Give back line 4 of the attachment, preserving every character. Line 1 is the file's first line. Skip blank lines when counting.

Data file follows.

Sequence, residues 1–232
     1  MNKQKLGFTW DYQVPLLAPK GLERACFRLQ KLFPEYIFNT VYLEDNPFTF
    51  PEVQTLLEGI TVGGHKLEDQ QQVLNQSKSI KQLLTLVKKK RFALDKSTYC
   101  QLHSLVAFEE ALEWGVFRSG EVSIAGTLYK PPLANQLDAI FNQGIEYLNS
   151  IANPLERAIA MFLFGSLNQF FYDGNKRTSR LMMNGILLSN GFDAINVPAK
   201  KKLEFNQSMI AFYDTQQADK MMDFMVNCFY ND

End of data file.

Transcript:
   101  QLHSLVAFEE ALEWGVFRSG EVSIAGTLYK PPLANQLDAI FNQGIEYLNS